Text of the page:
Effect of phytic acid and phytase on feed intake, growth, digestibility and trypsin activity in Atlantic salmon (Salmo salar, L.)
Sajjadi, M and Carter, CG, Effect of phytic acid and phytase on feed intake, growth, digestibility and trypsin activity in Atlantic salmon (Salmo salar, L.), Aquaculture Nutrition, 10, (2) pp. 135-142. ISSN 1353-5773 (2004) [Refereed Article]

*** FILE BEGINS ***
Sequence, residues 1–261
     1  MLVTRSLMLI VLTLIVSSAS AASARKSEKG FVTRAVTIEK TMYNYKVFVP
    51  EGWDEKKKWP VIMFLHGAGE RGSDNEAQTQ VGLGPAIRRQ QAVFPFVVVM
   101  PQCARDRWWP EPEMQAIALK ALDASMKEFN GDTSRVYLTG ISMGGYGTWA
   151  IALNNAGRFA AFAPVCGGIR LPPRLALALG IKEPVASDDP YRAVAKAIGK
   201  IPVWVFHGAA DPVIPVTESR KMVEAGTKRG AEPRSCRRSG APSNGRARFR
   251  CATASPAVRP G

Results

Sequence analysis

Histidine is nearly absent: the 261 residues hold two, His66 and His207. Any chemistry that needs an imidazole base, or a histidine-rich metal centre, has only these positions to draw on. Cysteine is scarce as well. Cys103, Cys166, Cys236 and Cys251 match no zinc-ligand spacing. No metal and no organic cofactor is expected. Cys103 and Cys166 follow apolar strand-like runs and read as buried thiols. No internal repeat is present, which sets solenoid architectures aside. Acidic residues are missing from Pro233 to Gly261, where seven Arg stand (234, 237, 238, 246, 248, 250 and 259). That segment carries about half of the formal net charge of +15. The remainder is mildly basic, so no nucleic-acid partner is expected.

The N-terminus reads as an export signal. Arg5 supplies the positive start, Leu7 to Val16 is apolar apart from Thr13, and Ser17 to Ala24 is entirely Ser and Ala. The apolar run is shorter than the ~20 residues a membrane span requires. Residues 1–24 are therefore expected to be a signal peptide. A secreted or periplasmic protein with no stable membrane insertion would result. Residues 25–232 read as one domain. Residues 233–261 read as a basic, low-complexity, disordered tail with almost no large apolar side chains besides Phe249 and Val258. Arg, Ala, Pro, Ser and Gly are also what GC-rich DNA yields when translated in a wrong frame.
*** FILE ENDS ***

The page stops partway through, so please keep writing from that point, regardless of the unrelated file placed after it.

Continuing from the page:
In the majority of experiments, the effects of phytic acid (with or without phytase) are not separated from the effects of adding plant meals containing phytic acid. A 12-week experiment was conducted with Atlantic salmon (28.9 g) to determine the separate and combined effects of phytic acid and phytase on feed intake, trypsin activity, digestibility and growth. Diets were prepared without phytic acid and phytase; with 2000 U phytase kg-1 diet; with 10 g sodium phytate kg-1 diet; and with 10 g sodium phytate and 2000 U phytase kg-1 diet. The basal diet contained sufficient phosphorus and other minerals to meet salmonid requirements. The addition of phytic acid had no significant effect on feed intake or weight gain, it significantly (P < 0.05) reduced protein digestibility although there was no reduction in trypsin activity. Phytase inclusion neutralized the effect of phytic acid on protein digestibility. Phytase had no effect on feed intake but significantly enhanced growth whether included with or without phytic acid. Feed efficiency ratio was significantly improved for fish fed the diet containing both phytase and phytic acid but not separately. The significance of this experiment was to separate the direct effects of phytase and the direct effects of phytic acid, added in a pure form, from effects due to other components in ingredients containing phytic acid.